Recently, I made the scenic drive to the Art in an Age of Anxiety exhibit at the Arts Guild of Sonoma.  Juror and artist Chester Arnold selected my artwork TRUTH for the opportunity.  The intimate space displayed sixty-three pieces from artists throughout the United States.  The artworks explored how present politics instill fear and instability in our nation.


The exhibition’s concept relives a reoccurring theme.  From the Arts Guild of Sonoma website: “Although first coined by WH Auden in 1948 to describe the fear, disillusionment, confusion, and dismay that Europeans endured, we know full well that the ‘Age of Anxiety’ is not contained in the past.  We are highly conscious of the perils of our era, from the rise of fascism, environmental concerns, threats to privacy, terrorism, drugs, and assaults on our democracy.   Artists help to chronicle, illuminate, and cope with this anxiety.”

My artwork TRUTH responds to the uneasiness, injustice, and anxiety unleashed by the current administration.  Description: My art practice investigates symbols of influence and power that impact perception.  President Trump’s bravado of tweets and lackluster governing blares of hollow rhetoric.  Trump equates excessive exaggerations to “truthful hyperbole” while special counsel Robert Mueller collects evidence.  The word TRUTH burns and penetrates the Art of the Deal book exposing its contents leaving a scar.  No deal, citizen, or president is above the law.

TRUTH, book.

Chester Arnold’s selections mirror his art practice investigating the relationship between humans and the natural world.  It’s no surprise that WH Auden’s poetry and philosophy coincides with the juror.  From the Poetry Foundation: “Auden won the Pulitzer Prize in 1948 for The Age of Anxiety.  Much of his poetry is concerned with moral issues and evidences a strong political, social, and psychological context.”

Highlights included Lexie Bragg’s Untitled print on styrene and Lori Goldman’s My Mother’s Last Words 2 that explore displacement, grief, and the struggle to cope with new realities.  Bragg’s work is from her The Great Divide Series.  According to her website: “Millennials grew up in a time of optimism and opportunity.  As children, they were told they could do anything they wanted, be anything they wanted, all they had to do was go to good schools and work hard.  In search of the American Millennial Dream, Millennials eagerly took on tens of thousands of dollars worth of loans to earn degrees with the promise of a better and brighter future.  However, this was not the future they found.”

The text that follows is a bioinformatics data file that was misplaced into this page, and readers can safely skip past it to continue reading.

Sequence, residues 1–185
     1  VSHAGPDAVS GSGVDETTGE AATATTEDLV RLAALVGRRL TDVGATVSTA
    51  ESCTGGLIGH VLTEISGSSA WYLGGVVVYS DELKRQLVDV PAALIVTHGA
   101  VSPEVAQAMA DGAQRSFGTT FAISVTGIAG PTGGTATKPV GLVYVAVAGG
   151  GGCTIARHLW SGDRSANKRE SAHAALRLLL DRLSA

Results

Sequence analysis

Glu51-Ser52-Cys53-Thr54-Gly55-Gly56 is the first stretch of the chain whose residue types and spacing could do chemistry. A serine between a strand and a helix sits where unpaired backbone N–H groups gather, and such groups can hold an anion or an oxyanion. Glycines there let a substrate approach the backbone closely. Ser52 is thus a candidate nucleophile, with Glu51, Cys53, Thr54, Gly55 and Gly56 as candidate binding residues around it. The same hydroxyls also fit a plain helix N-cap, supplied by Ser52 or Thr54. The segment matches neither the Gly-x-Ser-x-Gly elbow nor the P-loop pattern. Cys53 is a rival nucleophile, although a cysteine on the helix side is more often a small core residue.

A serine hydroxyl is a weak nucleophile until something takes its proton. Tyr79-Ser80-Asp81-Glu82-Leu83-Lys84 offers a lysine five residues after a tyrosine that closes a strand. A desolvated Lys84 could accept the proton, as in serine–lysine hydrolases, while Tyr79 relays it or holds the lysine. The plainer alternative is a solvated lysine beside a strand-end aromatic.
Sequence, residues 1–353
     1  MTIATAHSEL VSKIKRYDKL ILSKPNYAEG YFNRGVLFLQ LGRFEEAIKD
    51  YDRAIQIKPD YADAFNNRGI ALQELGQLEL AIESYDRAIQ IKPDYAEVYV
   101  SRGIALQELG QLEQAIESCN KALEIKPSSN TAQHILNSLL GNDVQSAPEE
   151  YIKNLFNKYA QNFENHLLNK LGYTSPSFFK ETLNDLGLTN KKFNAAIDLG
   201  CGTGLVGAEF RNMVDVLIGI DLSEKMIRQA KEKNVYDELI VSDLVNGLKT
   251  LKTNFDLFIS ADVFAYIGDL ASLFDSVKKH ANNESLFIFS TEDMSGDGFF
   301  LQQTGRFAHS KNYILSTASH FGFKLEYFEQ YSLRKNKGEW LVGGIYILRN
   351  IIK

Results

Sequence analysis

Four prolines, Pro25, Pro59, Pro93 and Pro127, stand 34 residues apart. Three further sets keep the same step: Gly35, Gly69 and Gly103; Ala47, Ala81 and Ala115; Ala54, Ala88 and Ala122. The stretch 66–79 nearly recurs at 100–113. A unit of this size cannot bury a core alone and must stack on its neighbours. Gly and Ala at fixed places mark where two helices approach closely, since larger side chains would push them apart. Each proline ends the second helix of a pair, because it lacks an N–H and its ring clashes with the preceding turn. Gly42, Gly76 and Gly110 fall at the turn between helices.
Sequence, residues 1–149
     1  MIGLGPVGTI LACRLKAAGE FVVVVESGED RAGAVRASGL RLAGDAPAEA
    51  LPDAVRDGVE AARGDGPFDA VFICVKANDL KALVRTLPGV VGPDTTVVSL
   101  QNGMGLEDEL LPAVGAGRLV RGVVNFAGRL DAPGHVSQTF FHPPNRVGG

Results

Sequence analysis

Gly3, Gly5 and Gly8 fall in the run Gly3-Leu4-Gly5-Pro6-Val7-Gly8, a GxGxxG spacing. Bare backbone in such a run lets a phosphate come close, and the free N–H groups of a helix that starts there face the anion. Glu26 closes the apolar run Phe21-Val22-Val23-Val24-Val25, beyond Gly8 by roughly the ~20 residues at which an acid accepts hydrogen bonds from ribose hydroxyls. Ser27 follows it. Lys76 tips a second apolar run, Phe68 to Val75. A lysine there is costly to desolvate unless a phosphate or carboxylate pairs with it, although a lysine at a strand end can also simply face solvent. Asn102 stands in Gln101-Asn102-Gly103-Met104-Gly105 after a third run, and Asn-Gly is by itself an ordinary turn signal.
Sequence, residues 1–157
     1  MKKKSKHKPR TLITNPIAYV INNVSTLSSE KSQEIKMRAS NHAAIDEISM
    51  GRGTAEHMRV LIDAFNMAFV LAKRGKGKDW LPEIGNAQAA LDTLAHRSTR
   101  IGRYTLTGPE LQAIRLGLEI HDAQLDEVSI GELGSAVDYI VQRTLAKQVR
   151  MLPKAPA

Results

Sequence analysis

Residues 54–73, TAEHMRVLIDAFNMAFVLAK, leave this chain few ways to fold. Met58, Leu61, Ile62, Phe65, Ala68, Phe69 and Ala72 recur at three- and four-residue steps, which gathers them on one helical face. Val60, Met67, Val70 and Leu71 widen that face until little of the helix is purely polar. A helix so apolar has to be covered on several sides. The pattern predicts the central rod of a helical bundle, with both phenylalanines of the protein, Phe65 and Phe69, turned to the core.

Untitled, print on styrene, Lexie Bragg.
My Mother’s Last Words 2, socks, cotton twine, wooden clothes pins, Lori Goldman.

Meanwhile, Carol Brent Levin’s Urban Nature (EV) and Tina Maier’s Sentinel explore a micro vs. macro dystopian perspective of man’s relationship with nature and consumption.  From Levin’s artist statement: “As our population grows, habitats are impacted; ecosystems are destroyed, resulting in mass extinctions and endangered species.  As our planet’s biodiversity continues to be threatened by our expected population growth, Earth may soon become inhospitable to the human species.”

Sentinel, textiles, found objects, and wire, Tina Maier.
Urban Nature (EV), oil based inks on rives, Carol Brent Levin.

Demetri Tyler’s Untitled and David Contreras’ Press Conference provides a platform for voices who are underrepresented and silenced.  Saying truth is truth doesn’t make it so.  Tyler on RAW’s website: “My inspiration comes from the people and the world around me.  My experiences, the people I meet, music, all shape my photography in one way or another…”

Untitled, print, Demetri Tyler.
Press Conference, acrylic on canvas, David Contreras.

Perhaps the cure to anxiety is supporting creativity.  If looking for cosmetic compositions, The Art in an Age of Anxiety will disappoint.  The exhibition delivers truth and all its beautiful glory!

Art in an Age of Anxiety.  Arts Guild of Sonoma. Sonoma, CA. August 30-October 1, 2018.